The Knesset is due to vote Wednesday night on the Economic Arrangements Bill - legislation to ensure that the parties in the governing coalition agree to the annual budget. According to Israeli law, early elections are called if the government fails to pass the budget.
The Knesset is scheduled to vote Thursday on the NIS 300 billion national budget for 2008. Though the governing coalition is expected to win, many MKs are protesting what they consider to be oversights in the document.
The coalition expects to win because of concessions it has made: It agreed to cancel health taxes for stay-at-home parents and leave welfare allowances uncut. It had previously sought a cut of 4 percent.
Despite the compromise, several coalition MKs said they would vote against the budget. Ephraim Sneh from Labor said he objected because the budget does not address the Iranian threat.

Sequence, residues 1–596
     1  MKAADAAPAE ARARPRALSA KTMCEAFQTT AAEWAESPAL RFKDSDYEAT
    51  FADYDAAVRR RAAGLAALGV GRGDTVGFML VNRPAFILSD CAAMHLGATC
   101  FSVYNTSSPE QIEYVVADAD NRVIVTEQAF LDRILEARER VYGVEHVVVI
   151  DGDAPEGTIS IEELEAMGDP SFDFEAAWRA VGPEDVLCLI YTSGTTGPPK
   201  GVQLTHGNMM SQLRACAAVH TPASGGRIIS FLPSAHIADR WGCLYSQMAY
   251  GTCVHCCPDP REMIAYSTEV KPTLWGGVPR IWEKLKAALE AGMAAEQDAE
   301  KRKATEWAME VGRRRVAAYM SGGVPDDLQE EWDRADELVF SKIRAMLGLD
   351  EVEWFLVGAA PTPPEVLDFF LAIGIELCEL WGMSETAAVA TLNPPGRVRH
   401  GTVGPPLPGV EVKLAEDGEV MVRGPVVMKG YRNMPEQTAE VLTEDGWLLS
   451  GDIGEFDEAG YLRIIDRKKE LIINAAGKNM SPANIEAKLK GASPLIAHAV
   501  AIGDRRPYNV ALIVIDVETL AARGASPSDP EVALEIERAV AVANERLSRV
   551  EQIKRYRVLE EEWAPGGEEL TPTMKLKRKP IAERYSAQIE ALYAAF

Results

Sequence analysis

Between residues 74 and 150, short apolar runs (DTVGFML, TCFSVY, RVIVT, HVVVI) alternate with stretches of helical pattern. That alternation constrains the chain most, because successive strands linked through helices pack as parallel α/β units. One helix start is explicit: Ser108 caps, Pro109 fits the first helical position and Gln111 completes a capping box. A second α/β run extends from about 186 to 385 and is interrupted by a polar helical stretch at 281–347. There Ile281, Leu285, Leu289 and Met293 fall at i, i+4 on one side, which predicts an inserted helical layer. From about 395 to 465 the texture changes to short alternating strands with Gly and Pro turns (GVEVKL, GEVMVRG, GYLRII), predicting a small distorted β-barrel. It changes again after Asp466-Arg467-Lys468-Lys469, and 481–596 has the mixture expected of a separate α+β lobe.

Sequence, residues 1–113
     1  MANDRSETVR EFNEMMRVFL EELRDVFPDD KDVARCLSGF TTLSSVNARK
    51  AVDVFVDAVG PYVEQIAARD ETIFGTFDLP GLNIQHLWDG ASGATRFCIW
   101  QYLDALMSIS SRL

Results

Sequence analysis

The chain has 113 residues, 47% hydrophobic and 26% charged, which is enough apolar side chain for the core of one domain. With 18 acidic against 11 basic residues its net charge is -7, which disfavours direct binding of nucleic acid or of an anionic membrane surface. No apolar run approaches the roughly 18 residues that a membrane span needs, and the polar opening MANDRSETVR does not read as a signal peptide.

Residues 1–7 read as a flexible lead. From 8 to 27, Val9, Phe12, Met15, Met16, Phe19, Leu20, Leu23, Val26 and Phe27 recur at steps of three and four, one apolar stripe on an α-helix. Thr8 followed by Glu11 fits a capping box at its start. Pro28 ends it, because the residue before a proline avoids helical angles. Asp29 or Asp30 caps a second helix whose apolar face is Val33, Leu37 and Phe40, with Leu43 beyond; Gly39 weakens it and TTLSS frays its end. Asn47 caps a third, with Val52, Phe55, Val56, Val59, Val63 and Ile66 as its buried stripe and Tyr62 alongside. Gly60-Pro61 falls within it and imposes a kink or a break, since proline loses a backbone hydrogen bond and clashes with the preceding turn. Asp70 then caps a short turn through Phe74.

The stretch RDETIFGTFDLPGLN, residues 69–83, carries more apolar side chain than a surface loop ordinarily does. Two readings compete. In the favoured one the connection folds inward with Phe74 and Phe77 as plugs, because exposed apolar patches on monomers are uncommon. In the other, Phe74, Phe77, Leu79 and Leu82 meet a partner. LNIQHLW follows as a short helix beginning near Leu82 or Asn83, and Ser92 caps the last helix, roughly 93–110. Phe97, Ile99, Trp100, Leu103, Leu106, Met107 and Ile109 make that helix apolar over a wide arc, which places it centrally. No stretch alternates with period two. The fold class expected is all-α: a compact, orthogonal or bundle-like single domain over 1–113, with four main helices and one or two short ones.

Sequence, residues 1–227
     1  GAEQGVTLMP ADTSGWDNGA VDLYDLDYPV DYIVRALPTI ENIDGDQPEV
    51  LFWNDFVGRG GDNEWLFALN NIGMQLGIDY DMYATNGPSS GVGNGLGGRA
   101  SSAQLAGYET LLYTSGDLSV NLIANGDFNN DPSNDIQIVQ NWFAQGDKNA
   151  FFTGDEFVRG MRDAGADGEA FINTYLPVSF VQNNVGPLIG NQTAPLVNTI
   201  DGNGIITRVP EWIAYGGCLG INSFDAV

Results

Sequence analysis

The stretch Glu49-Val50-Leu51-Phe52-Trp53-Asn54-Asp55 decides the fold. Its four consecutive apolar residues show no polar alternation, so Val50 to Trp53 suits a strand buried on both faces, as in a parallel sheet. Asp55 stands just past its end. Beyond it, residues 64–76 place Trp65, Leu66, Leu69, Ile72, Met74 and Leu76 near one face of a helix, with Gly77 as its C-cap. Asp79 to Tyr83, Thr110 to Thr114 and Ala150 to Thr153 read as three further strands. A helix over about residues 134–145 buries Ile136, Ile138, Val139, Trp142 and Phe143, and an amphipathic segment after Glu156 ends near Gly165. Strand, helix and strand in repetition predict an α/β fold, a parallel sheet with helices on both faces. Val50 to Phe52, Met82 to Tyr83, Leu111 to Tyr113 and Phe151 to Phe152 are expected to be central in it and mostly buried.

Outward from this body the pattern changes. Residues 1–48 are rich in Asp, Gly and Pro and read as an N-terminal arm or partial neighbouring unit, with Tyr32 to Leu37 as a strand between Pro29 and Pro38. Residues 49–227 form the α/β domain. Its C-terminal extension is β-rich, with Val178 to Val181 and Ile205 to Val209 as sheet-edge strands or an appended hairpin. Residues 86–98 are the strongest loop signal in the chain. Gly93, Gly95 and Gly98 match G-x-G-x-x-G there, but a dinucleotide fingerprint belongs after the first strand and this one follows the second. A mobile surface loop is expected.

Yoram Marciano, also from Labor, said he would object unless Labor makes sure there is enough for rehabilitation programs for people in poor neighborhoods. Labor's Shelly Yachimovich said she would abstain.
The coalition is seeking to hurry the proceedings for the budget and arrangements bill, and conclude the votes as early as tonight, coalition sources told Haaretz. Likud faction chairman Gideon Sa'ar, however, said that all parties agreed to hold the discussions over two days. Sa'ar added that parliament needed at least two days to ratify the budget bills.
Likud MK Moshe Kahlon wrote Prime Minister Ehud Olmert on Tuesday to ask him to reconsider the decision not to increase the minimum wage by NIS 140 over the next eight months. Nineteen other Knesset members signed Kahlon's letter - both from the coalition and opposition.
"This move constitutes severe damage to many sectors of the population who earn a minimum wage," Kahlon's letter reads. "NIS 140 may seem like a small addition, but to many this is a substantial increase. Not including the hike damages thousands of households who need this addition.
The treasury has, by contrast, agreed to Likud MK Reuven Rivlin's proposal to allocate NIS 15 million toward treating battered wives, and another NIS 15 million for children at risk, as Yachimovich had requested.
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